The street is a hard place to conduct business, but it’s a way of life you’ve become very good at keeping. Two coppers jingle in the pouch hanging from your Twin Belt, but by the end of the day you’re determined to increase the lot to a gold or two. A good card game and a poor ol’ sap is all it takes.
On your way to your regular spot you pass a lovely lady in a fine dress. You may be a ruffian, but with your candid smile you give the lady a tip of your fanciful top hat. She looks flattered, which is a good distraction...because now you’ve got a silver to add to the copper in your pouch.
This bestselling Epic Armoury Twin Belt is a stylish and durable leather belt fashioned from two slimmer belts merged into one. Made from two buffalo-leather straps and stitched together by leather braces in an ornate pattern, this belt has a truly medieval look.
The two braces are fitted with brass D-rings for attaching or suspending bags and other equipment. Usable by a large variety of shapes and sizes due to its long 40 cm belt-tongues and nine punched holes, this belt is a perfect solution for anyone’s kit. With its simple style and rings, the belt is both functional and stylish, and can be used by lords or peasants--no matter race or culture.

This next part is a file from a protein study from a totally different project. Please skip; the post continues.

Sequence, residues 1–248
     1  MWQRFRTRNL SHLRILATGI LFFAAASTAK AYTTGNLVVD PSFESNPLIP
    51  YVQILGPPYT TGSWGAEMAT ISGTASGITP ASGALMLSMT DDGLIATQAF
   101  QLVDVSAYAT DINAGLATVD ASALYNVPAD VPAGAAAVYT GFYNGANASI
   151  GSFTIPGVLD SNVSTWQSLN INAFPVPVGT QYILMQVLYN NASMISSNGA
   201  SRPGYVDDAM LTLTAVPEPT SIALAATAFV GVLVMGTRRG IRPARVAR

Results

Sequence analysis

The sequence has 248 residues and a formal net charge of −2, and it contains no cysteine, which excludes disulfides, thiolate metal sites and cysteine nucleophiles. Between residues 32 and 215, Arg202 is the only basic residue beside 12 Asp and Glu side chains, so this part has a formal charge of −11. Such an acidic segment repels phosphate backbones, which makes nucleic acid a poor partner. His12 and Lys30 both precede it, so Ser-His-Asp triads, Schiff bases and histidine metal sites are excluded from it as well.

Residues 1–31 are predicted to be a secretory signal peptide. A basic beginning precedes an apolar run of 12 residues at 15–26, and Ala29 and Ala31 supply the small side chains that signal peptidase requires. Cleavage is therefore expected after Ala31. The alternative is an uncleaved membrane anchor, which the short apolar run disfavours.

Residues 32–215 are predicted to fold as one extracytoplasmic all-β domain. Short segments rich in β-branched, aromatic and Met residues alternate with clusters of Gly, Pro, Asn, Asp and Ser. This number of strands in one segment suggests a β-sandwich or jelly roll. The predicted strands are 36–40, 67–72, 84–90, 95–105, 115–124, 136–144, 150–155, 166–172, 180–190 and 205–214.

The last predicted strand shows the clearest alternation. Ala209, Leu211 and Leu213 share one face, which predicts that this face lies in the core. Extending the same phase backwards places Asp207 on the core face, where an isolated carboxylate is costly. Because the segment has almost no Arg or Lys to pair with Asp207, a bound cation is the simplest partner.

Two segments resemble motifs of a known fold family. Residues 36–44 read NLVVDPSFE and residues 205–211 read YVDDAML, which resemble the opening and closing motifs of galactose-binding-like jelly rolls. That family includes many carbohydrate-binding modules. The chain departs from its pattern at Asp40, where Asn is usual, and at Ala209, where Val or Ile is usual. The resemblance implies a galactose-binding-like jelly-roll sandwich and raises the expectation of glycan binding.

Available in Brown, Black, Red, Blue, and Green. One size fits all.
Historically made from cut lengths of leather sewn together Belts have been documented for male clothing since the Bronze Age between 3200–600 B.C. More commonly a male fashion item, with the exception of the Middle Ages
Natural leather products are very durable, but require regular maintenance with leather care products to stay flexible and to increase life-time. Make sure your leather products are kept dry when stored. Let wet leather dry naturally before treating. If frequently wet and dry, increase frequency of maintenance.
Clean by removing dirt with a hard brush, then gently rub on leather soap with a clean, damp cloth until the leather appears clean. Remove soap with a separate damp cloth to wipe away any soap residue and then use a dry cloth to wipe away any remaining water from the leather.
You should always condition leather after cleaning, since the soap will have removed some of its natural oils. Treat the leather with mink oil, olive oil, or beeswax polish with a clean cloth, gently rubbing a small amount of oil or polish in circles into the leather. Allow the leather to soak in the oil before wiping the leather with a final clean cloth to remove any excess residue.